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New Overtime Rules Big Deal for HR
 

By Joanne Deschenaux  6/23/2014
 

ORLANDO, FLA.—New regulations defining the Fair Labor Standards Act’s (FLSA) “white-collar” overtime exemptions should be in place by 2016, Tammy D. McCutchen, former administrator of the U.S. Department of Labor’s Wage and Hour Division (WHD), told attendees at a 7 a.m. concurrent session June 23, 2014, aptly titled “It’s 7 a.m.: Do You Know Where Your Overtime Is Headed?”

This is a “big deal” for HR, said Michael Lotito, SPHR. Lotito was the session’s co-presenter at the Society for Human Resource Management’s Annual Conference & Exposition and an attorney in law firm Littler’s San Francisco office. HR professionals should start paying attention now and preparing for important changes that are coming, he said.  

Changes Expected

On March 13, 2014, President Barack Obama directed U.S. Secretary of Labor Thomas E. Perez to “modernize and streamline” the white-collar regulations, which define the scope of the executive, administrative, professional, outside sales and computer exemptions under the FLSA.

“This surprised everyone,” said McCutchen, who is an attorney in Littler’s Washington, D.C., office. “No one had any idea they were going to do this.”

McCutchen served as the WHD administrator in 2004, when the white-collar rules were last changed, and offered an insider’s perspective as to what HR and employers could expect this time around.

The Department of Labor (DOL) is holding “listening sessions,” where industry representatives can speak with Perez and David Weil, the current WHD administrator, and provide input as to how proposed changes would impact their businesses. The DOL has twice met with SHRM representatives, including Sunday at the Annual Conference.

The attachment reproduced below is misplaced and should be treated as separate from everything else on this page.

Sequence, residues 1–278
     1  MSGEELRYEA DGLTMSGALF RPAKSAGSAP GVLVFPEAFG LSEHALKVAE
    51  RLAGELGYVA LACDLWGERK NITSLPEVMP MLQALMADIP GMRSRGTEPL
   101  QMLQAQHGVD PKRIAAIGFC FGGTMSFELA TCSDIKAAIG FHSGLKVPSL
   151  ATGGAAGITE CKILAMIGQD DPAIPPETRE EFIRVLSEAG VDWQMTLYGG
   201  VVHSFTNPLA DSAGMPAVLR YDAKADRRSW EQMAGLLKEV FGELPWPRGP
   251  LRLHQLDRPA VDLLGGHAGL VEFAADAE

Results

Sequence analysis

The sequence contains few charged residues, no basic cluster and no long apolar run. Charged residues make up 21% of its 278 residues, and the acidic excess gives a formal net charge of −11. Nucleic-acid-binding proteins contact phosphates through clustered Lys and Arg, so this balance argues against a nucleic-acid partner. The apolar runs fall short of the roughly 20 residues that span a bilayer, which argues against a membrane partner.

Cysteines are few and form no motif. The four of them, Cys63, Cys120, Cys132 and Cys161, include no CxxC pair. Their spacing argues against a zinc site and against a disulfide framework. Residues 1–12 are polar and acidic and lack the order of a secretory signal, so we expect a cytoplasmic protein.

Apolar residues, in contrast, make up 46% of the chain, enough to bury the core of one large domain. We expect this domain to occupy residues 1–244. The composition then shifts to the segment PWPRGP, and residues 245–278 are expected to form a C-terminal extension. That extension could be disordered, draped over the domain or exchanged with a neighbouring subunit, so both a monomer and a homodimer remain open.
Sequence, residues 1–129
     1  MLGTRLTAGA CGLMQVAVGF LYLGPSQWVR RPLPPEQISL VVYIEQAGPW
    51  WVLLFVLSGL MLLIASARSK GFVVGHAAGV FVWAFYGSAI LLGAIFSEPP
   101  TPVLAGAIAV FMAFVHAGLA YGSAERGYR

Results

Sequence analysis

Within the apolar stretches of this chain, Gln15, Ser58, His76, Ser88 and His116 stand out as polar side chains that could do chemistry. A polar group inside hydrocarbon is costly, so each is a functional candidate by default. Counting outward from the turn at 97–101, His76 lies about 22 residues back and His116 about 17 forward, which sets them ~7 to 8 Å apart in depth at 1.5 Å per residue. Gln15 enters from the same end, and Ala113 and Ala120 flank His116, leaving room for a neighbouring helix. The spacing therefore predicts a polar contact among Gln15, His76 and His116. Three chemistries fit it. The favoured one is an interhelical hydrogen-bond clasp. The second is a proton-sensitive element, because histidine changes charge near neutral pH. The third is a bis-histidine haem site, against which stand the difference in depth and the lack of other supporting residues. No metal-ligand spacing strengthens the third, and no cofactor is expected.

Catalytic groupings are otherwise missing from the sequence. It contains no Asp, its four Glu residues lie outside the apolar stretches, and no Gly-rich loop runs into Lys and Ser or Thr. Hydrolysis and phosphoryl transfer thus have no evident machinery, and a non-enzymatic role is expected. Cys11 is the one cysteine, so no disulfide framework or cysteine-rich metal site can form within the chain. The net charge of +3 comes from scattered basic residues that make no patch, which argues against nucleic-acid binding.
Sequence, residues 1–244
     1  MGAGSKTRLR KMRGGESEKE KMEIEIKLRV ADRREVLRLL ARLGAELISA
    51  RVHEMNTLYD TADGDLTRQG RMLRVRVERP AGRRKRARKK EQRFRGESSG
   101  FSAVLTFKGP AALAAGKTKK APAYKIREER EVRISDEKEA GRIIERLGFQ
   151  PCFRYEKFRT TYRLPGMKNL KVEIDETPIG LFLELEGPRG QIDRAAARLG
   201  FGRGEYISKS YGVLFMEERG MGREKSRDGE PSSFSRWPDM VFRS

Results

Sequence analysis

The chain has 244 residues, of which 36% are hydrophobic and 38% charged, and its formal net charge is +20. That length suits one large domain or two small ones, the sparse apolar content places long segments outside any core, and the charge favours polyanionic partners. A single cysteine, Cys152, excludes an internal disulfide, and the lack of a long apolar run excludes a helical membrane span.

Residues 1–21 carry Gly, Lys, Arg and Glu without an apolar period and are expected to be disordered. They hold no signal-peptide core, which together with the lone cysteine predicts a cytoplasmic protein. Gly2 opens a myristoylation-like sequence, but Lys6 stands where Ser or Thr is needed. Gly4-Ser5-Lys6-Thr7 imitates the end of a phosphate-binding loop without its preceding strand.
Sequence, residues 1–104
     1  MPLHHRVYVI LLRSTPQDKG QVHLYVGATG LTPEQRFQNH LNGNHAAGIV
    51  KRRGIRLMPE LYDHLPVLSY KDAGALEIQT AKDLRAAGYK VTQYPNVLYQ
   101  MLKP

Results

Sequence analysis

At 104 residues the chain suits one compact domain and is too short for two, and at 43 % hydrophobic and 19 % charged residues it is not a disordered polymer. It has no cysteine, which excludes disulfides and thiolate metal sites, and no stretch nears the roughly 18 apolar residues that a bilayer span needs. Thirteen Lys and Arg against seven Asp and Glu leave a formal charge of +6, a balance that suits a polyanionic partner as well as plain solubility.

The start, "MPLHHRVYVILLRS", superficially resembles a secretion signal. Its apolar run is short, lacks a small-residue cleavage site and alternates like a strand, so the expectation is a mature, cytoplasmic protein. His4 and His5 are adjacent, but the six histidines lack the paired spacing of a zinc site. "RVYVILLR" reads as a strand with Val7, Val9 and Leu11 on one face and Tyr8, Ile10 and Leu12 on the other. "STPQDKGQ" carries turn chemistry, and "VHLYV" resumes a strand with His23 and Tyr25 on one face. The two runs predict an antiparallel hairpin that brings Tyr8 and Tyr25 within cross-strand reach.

There is, as of yet, no proposal on paper, McCutchen said. Based on her experience, she predicted that proposed regulations would likely come out in November 2014, followed by a comment period of three months.

The DOL will then look at the comments and make changes. The last time the regulations were changed, it “was 10 months from the proposed regulations to the final regulations,” McCutchen said, anticipating that the final regulations would come out in September 2015, with an effective date of Jan. 1, 2016.

Changes to Minimum Salary, Duties Test

McCutchen said that when she and Lotito attended one of the listening sessions, Perez seemed to have three areas of focus:

  • Increasing the minimum salary level for white-collar exempt employees.
  • Revising the duties requirement for the executive exemption.
  • Streamlining the regulations to make them easier to apply.

The current minimum salary level for white-collar exempt employees was set at $455 per week, or $23,000 per year, in 2004. It is likely that the DOL will tie any increase to inflation indexes, McCutchen said, “but we don’t know how high it will go.”

“If you have exempt employees who are paid $38,000 a year, and the new minimum goes above that, what will you do?’ Lotito asked. Let them become nonexempt? Raise all of their salaries? If you raise their salaries, don’t you also have to raise their managers’ salaries?

You should start planning now for employees whose salaries are “on the bubble,” McCutchen said.

As for making changes to the duties test, the DOL most likely will remove the “concurrent duties” section under the executive exemption test, which provides an exemption to managers even if they are simultaneously performing the same duties as their direct reports.

The current “primary duty” test does not require that an individual spend a specific percentage of time performing exempt work. McCutchen said there may be an attempt to replace the current test, which focuses on the quality of the work performed, “with a quantitative test similar to that in California wage and hour law, which requires an exempt manager to spend more than 50 percent of his or her time supervising employees.”

Lotito noted that the California rule “is a problem in California” and may become an even bigger problem elsewhere in the country.

Joanne Deschenaux, J.D., is SHRM’s senior legal editor.

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